Professor, Pediatrics - General Pediatrics
Professor, Env. and Occ. Health Sciences
Adjunct Professor, Epidemiology
EducationPhD Epidemiology, University of Washington, 2004
MD Medicine, University of Washington, 1999
MS Toxicology, University of Washington, 1989
4225 Roosevelt Way NE, Suite 100
Seattle, WA 98105
Catherine Karr is a pediatric environmental medicine specialist and environmental epidemiologist. She has a primary appointment in the Department of Pediatrics, Joint in Environmental & Occupational Health Sciences, and Adjunct in Epidemiology. Her research areas include environmental contaminants and pediatric respiratory health including asthma, health of farmworker children, and global children's environmental health. Much of her research utilizes community engaged research approaches. She shares leadership of a large pregnancy cohort as part of the NIH Environmental Influences on Child Health Outcomes (ECHO) program. She is affiliated with the Pacific Northwest Center for Agricultural Safety and Health and Interdisciplinary Center for Exposures, Disease, Genetics and the Environment (EDGE). She has a general pediatric practice at the UW Pediatric Clinic at Roosevelt and also provides specialty pediatric environmental medicine consultation at this site and the Harborview Medical Center. As Director of the NW Pediatric Environmental Health Specialty Unit (PEHSU), she sets the direction for outreach and education as well as responding to queries from health care providers, government officials and families regarding health risks associated with environmental exposures.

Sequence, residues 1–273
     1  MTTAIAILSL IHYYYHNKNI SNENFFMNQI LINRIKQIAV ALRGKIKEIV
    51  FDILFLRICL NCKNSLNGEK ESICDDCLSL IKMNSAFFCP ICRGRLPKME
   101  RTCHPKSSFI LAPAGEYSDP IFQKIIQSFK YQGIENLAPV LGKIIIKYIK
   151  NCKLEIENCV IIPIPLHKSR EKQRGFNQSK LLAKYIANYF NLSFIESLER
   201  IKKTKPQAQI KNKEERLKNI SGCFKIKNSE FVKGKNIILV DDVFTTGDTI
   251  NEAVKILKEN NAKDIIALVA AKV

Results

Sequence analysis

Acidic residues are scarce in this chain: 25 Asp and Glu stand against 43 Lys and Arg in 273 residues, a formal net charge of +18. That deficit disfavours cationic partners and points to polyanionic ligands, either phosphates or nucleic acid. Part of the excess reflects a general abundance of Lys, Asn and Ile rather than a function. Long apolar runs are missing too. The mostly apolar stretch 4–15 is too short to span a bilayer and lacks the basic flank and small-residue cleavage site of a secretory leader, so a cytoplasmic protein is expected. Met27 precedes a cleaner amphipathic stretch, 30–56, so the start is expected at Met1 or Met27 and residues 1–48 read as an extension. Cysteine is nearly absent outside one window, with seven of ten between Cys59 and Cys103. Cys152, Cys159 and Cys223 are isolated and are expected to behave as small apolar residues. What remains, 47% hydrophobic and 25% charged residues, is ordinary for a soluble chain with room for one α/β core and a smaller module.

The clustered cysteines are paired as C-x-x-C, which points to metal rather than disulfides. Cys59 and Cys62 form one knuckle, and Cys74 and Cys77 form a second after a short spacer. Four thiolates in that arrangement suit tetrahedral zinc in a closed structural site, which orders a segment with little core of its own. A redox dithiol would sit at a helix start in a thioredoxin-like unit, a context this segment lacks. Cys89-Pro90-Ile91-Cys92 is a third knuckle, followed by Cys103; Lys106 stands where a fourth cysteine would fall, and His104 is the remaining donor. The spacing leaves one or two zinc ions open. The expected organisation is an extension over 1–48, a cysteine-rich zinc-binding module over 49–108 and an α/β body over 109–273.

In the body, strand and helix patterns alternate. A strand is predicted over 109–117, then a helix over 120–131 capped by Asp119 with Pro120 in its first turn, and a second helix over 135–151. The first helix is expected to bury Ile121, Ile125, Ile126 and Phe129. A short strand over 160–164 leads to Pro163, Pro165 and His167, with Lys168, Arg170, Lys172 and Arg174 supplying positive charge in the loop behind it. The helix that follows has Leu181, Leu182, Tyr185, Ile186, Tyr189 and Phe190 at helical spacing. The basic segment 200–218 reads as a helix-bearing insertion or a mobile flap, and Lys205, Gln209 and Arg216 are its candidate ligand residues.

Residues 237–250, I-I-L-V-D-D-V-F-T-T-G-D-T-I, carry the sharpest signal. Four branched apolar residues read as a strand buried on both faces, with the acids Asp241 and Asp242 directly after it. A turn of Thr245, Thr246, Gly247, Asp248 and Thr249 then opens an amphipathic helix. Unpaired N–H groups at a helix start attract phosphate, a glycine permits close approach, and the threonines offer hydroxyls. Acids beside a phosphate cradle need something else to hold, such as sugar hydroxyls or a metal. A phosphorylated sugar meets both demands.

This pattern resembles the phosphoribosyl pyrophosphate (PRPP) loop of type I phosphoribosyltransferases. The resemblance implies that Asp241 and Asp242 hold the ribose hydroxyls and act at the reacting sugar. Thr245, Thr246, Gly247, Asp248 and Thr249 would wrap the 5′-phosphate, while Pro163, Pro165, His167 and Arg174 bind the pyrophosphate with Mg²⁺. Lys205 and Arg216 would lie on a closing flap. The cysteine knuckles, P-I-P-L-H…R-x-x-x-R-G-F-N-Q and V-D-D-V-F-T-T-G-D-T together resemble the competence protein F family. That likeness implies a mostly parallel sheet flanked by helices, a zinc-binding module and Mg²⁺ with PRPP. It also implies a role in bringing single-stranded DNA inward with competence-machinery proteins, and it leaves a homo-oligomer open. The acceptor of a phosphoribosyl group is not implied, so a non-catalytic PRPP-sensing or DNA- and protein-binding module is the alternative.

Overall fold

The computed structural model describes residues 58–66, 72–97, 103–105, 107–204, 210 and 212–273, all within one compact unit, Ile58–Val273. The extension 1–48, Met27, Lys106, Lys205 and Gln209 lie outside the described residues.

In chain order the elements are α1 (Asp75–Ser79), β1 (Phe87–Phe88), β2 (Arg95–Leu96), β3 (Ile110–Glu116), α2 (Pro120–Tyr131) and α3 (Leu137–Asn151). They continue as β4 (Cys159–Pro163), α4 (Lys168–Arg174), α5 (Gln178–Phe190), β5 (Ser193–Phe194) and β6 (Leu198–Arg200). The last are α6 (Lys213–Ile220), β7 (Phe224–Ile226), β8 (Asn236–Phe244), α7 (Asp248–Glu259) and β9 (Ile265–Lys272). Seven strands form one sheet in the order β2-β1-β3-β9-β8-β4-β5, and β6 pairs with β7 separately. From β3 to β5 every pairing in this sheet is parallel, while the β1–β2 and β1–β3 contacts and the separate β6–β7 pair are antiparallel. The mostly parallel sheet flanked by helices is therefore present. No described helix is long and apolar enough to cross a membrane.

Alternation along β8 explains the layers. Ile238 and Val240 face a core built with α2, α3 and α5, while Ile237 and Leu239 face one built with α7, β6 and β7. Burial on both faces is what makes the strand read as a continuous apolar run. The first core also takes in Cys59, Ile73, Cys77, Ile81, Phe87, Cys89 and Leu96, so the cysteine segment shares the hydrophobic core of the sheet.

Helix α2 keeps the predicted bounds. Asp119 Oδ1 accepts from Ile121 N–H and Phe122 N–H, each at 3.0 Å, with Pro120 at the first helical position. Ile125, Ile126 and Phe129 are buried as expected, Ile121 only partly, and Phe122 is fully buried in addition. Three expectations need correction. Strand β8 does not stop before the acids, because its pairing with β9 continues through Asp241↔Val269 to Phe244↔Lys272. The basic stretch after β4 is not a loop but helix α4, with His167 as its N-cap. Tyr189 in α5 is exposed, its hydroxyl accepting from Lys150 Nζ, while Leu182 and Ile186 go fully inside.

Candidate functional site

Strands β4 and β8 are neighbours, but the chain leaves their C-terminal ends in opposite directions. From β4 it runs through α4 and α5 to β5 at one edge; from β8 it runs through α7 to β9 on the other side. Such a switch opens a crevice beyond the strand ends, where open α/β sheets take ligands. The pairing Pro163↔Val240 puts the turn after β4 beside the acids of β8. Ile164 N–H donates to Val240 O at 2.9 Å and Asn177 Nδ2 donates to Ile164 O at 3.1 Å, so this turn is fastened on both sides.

- Pediatric environmental health
- Air pollution
- Global children's environmental health
- Farmworker health
- Community engaged research
In The News
EPA allows continued use of pesticide linked to developmental issues in children
ABC News, 07/19/2019
Researchers explore a pesticide link to asthma in farmworkers' children.
WUNC: North Carolina Public Radio, 09/07/2018
Does Yakima Valley agriculture trigger asthma?
Yakima Herald, 06/29/2018